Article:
ChickenBones: A Journal

for Literary & Artistic African-American Themes

   

Home  ChickenBones Store (Books, DVDs, Music, and more) 

Google
 

Where then do I get the affirmation I need in order to believe enough in myself to care

and to express myself? Because I'm here too, I matter too, just by virtue of my birth.

The single most natural phenomenon every human shares is the fact that we come

from and are intricate to a nurturing community. Thus, where there are no spaces through

which we may each be nurtured, we create them. That's what your crew did with ChickenBones.

 

 

Books by Louis Reyes Rivera

Who Pays The Cost  (1978) / This One For You (1983) / Scattered Scripture

 Bum Rush the Page (co-editor) / The Bandana Republic (co-editor)

Sancocho: A Book of Nuyorican Poetry by Shaggy Flores (edited by Louis Reyes Rivera)

*   *   *   *   *

Louis Reyes Rivera Made His Transition

Friday evening, 2 March 2012, Brooklyn New York

 

Rudy, in case you haven't received the news. Another death.—Jeannette Drake 5 Mar 2012

Dear Friends, many of you may have heard the news that our beloved friend poet/teacher/warrior Louis Reyes Rivera made his transition Friday evening. He will be missed and remembered always but his voice will live on in the hundreds of writers, artists and cultural organizers he has mentored and inspired. The African Voices Family sends love and prayers to his wife Barbara, family and friends.  

Enclosed is a beautiful tribute poem by Preacher that was shared on our Facebook page and a brief bio for folks who are less familiar with his many contributions to the literary community.One of his most precious gifts was the quiet steady work he did with brothers who were in prison. He hosted many creative workshops with young men who are imprisoned, bringing them magazines, hope and inspiration.

In fact, his last book, which his friends plan to complete, deals with jazz in prison. We will keep you posted on how you can support this awesome project and keep Louis' legacy alive. peace & blessings, Carolyn, AfricanVoices

Brother Rudy, I don't know if you heard already but I wanted to make sure you knew Brother Louis Reyes Rivera made his transition. He passed away this past Friday night March 2, 2012 from internal complications. The creator decided it was his time. The services will be this weekend. You will hear from me between this evening and tomorrow with the exact time and location.—Brother Ted

Well Rudolph I was saddened to hear of the transition of poet Louis Reyes, a pillar of our literature and a senior literary lion of New York City. I had the pleasure of meeting and sitting next to Louis and his wife at the 9th Annual Black Writers Conference in 2008.—Ukali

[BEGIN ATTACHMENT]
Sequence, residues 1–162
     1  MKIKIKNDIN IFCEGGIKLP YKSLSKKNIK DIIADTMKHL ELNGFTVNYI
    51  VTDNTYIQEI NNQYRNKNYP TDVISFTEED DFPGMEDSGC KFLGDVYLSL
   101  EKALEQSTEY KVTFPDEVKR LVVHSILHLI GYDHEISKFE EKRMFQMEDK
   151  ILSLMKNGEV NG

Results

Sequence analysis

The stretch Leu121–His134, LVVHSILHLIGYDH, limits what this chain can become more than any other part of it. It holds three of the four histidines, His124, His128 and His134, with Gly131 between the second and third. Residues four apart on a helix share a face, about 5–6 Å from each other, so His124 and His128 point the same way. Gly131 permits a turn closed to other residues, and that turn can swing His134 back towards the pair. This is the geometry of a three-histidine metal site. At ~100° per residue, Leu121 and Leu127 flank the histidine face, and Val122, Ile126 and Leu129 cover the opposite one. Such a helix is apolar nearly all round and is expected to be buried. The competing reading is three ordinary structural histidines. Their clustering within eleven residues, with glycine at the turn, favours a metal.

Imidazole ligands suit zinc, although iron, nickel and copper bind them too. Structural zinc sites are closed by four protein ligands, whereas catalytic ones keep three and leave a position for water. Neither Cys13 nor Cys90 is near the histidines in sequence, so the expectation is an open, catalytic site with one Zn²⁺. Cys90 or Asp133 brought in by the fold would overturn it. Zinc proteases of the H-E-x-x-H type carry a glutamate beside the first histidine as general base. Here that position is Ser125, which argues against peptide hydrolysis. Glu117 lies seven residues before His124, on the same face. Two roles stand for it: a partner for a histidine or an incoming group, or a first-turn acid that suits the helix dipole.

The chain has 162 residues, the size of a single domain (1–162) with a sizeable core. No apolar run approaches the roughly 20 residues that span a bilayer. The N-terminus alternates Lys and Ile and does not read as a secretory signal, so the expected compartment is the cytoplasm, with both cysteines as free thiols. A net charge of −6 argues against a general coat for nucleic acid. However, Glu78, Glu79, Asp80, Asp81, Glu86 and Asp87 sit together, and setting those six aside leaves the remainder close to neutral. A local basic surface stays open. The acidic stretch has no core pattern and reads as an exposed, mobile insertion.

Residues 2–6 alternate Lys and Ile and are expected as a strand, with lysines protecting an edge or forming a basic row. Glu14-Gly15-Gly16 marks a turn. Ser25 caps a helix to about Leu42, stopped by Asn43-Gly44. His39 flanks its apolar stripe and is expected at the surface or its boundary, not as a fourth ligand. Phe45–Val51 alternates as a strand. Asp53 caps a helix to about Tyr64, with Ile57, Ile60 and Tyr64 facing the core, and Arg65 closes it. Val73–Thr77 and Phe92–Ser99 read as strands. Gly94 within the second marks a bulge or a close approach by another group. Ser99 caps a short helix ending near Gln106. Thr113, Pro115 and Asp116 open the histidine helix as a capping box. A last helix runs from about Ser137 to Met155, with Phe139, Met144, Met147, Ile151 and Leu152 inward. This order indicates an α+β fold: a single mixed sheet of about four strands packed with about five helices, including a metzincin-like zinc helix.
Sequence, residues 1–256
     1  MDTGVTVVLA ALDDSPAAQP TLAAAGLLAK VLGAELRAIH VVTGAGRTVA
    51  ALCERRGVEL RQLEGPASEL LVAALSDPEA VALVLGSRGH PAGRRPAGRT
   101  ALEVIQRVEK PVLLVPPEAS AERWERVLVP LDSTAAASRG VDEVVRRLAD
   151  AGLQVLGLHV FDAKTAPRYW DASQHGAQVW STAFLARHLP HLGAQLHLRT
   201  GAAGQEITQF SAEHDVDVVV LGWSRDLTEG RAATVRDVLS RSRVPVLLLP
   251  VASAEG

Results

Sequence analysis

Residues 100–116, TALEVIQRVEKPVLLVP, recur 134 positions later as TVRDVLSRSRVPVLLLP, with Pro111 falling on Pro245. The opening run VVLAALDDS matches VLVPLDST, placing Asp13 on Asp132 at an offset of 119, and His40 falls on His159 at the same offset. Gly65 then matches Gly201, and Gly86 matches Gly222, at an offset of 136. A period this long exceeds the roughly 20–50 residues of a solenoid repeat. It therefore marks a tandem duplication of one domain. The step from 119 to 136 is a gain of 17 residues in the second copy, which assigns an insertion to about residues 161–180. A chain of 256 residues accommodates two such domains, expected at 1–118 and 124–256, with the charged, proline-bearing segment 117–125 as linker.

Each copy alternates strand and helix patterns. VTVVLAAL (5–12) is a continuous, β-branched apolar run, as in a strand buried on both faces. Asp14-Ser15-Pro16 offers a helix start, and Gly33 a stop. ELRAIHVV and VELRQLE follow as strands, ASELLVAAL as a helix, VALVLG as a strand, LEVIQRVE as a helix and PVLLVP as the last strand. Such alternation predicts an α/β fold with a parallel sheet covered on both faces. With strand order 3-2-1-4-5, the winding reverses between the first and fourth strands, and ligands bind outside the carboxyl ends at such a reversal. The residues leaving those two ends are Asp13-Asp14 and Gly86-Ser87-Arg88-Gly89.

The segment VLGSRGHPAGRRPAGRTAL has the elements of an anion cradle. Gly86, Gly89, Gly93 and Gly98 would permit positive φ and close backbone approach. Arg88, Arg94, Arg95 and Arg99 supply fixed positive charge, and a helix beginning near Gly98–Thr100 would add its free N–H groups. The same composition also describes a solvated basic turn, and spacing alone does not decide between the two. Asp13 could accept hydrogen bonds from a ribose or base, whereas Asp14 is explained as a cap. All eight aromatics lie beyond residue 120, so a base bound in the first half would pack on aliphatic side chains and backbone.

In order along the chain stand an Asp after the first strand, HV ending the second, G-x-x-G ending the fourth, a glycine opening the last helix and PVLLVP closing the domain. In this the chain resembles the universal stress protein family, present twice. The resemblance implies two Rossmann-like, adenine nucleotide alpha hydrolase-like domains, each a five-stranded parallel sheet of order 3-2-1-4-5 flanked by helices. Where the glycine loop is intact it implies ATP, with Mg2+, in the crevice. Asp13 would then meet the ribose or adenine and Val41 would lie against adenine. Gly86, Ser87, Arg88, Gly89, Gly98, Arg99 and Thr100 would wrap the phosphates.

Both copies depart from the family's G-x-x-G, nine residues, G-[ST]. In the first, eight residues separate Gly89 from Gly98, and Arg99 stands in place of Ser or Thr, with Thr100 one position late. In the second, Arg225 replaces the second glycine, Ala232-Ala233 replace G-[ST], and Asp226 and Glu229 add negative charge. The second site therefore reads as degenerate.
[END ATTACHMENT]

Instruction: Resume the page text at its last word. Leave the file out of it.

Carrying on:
Zayid, Louis Reyes Rivera died in his sleep. 66 years old. . . . I know that he and Barbara lived on Hancock Street in Brooklyn. I have to cc Rashidah for the exact street number. I have been reading every announcement, but I have not as yet heard of any arrangements for Louis or our recently departed—this morning —Congressman Donald Payne, who has lived around the corner from me since 1959. Hi Rashidah!!—Sandra L. West, March 6th

Sandra, I was away in Chicago when Louis died. Immediately upon my return I spoke with his wife Barbara. Louis died in hospital before surgery or anything else. He was feeling ill and his wife took him to the emergency romm. They were awaiting a bed I believe and he passed. His services will be this weekend; Sunday viewing at Frank Bell Funeral Parlour, 536 Sterling Place, Brooklyn most of the day and early evening. The funeral will be Monday morning 12 March 10:00 A.M at the same place. We must all be stronger and more deserving human beings. There is one less such person doing his share.—Rashidah 

*   *   *   *   *

Dear Friends,  I want to share the information on homecoming services for our brother Louis Reyes Rivera.

 

Viewing: Sunday, March 11, 2012 - All day / Funeral: Monday, March 12 at 10 a.m.

Location: Frank Bell Funeral Parlour / 536 Sterling Place, Brooklyn 
 
Let's join together and celebrate Louis' life.— Peace & blessings, Carolyn,  AfricanVoices

*   *   *   *   *

African Voices Nancy Wilson

African Voices tribute to legendary jazz singer Nancy Wilson at the Schomburg Center in Harlem on Oct. 4, 2008. Louis Reyes Rivera reciting.

*   *   *   *   *

Louis Reyes Rivera

May 19, 1945 - March 2, 2012

 

Too many artists ignore the connection between what they have to offer and what the people need. They claim the right to choose which will their mentor be: the status to be bought against the experiences of the remembered. Cultural Workers don't have that choice. I have to earn my way into each person's awareness. I can't shoot for the pockets of a producer. I am the janitor of a history who has to work for his due.—Louis Reyes Rivera, "Who Pays the Cost" (Shamal Books, 1977)

Louis Reyes Rivera was an award-winning poet; an academic and professor with a specialty in African American, Puerto Rican, and Caribbean literature and history; a political activist; and a radio show host.

Louis has assisted in the publication of well over 200 books, including John Oliver Killens' Great Black Russian (Wayne State U., 1989), Adal Maldonado's Portraits of the Puerto Rican Experience (IPRUS, 1984), and Bum Rush The Page: A Def Poetry Jam (Crown Publishers, 2001).